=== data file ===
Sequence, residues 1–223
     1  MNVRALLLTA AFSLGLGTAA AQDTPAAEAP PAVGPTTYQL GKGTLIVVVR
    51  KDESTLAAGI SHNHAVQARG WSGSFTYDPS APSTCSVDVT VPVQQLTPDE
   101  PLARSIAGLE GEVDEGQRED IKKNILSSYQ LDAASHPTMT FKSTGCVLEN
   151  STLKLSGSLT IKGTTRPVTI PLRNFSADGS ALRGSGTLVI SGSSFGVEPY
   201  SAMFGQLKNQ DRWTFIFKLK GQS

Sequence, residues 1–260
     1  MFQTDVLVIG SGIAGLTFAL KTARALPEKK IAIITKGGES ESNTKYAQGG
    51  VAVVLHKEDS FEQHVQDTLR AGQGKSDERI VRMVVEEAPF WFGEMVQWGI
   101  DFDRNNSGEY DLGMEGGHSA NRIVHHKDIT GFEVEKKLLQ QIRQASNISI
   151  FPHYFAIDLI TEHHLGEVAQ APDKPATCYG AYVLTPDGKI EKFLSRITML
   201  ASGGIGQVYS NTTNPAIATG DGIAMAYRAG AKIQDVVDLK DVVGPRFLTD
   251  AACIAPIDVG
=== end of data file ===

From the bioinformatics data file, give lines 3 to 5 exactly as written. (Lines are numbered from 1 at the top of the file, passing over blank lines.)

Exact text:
    51  KDESTLAAGI SHNHAVQARG WSGSFTYDPS APSTCSVDVT VPVQQLTPDE
   101  PLARSIAGLE GEVDEGQRED IKKNILSSYQ LDAASHPTMT FKSTGCVLEN
   151  STLKLSGSLT IKGTTRPVTI PLRNFSADGS ALRGSGTLVI SGSSFGVEPY